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Yoga gone wild

North Shore Stand Up Paddleboarding owner Heather Holmes (from left) performs a yoga position with students Kay Held and Nicole Whelan on stand-up paddleboards recently in Duluth. (Steve Kuchera /

Kay Held was leaving nothing to chance.

“You swear we’re not going to fall?” she asked Heather Holmes.

The simple answer was “Yes” from the co-owner of North Shore Stand Up Paddleboarding.

Holmes guided Held and her friend Nicole Whelan out onto Superior Bay and around Park Point and the Duluth-Superior Sailing Association dock.

It was a reasonable question from Held, since the plan was to anchor the boards and then practice yoga in waist-deep water.

Holmes and her partner, Garrett Russell, have been offering paddleboard lessons for the past two years. And Holmes offers yoga as well, part of what’s become a summer trend in the Twin Ports and across yoga circles nationally: Practicing the meditative art in the outdoors.

Held and Whelan did fine. They are gymnasts, after all, and are well-versed in balance. Whelan teaches Holmes’ son and grabbed Held when she heard about North Shore SUP’s open house in late June.

“It’s like a floating mat,” Holmes told the two first-time paddlers.

She tells practitioners to lie on the board and get comfortable with its stability by rocking back and forth and then to “check in with our bodies.”

Eventually, she instructed the two friends to try standard yoga poses on the board, leading to some tricky stand-up poses. The pair got so confident that they tried a tree pose, which requires standing on one leg. It was shaky, but they got through it.

Whelan described the experience as “relaxing and peaceful,” noting that fear of falling off the board went away quickly.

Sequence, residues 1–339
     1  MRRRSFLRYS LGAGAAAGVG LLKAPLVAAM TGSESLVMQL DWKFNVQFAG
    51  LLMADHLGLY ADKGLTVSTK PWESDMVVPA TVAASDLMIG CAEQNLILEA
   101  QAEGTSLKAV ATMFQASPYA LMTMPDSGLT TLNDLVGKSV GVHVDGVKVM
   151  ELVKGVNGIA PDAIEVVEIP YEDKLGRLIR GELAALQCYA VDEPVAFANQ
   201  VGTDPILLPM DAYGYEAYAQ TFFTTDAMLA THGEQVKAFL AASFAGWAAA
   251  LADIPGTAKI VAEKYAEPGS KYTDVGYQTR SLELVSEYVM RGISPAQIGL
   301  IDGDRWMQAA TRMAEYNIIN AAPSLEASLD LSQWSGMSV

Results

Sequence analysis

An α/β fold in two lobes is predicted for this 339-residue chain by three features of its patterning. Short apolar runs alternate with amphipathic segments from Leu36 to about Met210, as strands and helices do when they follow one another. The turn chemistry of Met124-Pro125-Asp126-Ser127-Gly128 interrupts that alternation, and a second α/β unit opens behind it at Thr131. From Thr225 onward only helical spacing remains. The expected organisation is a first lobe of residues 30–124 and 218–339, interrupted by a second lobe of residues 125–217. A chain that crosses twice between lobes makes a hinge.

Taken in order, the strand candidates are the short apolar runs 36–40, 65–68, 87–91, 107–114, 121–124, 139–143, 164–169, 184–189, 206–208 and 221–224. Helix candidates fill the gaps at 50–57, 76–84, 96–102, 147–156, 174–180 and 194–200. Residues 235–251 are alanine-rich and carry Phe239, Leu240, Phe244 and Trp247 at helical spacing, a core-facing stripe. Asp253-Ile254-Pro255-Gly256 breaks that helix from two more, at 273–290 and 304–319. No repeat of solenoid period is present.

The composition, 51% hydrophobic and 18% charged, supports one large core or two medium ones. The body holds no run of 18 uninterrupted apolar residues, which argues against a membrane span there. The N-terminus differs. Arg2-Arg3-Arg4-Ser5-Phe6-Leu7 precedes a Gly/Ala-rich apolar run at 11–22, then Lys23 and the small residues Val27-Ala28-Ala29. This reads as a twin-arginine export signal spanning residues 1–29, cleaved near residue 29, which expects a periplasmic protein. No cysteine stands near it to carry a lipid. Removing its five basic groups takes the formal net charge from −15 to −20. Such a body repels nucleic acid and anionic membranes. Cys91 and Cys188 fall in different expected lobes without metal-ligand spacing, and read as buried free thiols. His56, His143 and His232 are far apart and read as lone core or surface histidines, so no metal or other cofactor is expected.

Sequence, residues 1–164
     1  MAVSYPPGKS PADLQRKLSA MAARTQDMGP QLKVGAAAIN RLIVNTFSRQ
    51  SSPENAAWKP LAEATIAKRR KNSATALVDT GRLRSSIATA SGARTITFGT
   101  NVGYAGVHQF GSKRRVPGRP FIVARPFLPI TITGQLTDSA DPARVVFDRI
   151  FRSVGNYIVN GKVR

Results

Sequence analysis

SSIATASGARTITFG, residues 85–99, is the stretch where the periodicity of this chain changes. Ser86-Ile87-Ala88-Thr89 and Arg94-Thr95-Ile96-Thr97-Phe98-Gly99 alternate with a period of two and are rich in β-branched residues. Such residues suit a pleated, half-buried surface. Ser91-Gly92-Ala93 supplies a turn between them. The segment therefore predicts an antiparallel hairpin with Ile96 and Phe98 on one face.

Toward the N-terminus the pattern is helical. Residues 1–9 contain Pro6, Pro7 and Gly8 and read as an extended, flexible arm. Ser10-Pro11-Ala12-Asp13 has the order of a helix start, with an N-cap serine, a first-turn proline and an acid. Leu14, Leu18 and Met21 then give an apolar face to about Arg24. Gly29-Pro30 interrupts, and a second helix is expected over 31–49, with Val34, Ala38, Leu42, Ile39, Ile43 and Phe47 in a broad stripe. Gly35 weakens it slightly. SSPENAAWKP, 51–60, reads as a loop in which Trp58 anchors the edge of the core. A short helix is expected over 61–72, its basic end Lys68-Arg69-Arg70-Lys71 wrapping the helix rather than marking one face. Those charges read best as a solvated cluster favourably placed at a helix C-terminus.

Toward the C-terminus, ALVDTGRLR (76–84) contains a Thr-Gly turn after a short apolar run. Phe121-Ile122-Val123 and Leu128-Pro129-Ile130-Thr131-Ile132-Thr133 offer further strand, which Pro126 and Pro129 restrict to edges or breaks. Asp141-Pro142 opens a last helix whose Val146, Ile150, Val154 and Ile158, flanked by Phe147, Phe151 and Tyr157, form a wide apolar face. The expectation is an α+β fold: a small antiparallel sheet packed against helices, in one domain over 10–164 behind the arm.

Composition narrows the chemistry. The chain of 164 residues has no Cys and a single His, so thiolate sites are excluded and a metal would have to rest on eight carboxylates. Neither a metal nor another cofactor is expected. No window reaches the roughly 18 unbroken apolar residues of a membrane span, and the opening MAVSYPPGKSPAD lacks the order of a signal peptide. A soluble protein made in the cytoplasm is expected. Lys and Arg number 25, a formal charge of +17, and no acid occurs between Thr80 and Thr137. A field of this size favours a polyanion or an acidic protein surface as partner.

She said she’d readily do it again.

Holmes said the benefit of board yoga is that it serves as a variety of tai chi, meaning the body uses a lot of small muscles in keeping balance while focusing on the yoga. Getting accustomed to the board happens the first time out, she said, and anyone experienced in yoga will find the transition to water easier than they expect.

“Yoga is about connection,” said Erika Fryklepak, who offers an outdoor class through Yoga North on the shore of Lake Superior at Brighton Beach. She said a lot of the talk in her practice is about grounding, a connection to nature.

“You can really experience that outdoors,” she said.

Her classes have been popular, but the final one took place Monday. Yoga North plans to offer an outdoor class that moves around the area later this summer, Fryklepak said.

“Summers are so short,” she said. “We don’t want to be inside.”

Her classes this spring tended to be a bit chilly. That created a running joke.

“Hot yoga is so two years ago,” she said with a laugh.

“This is cold yoga.”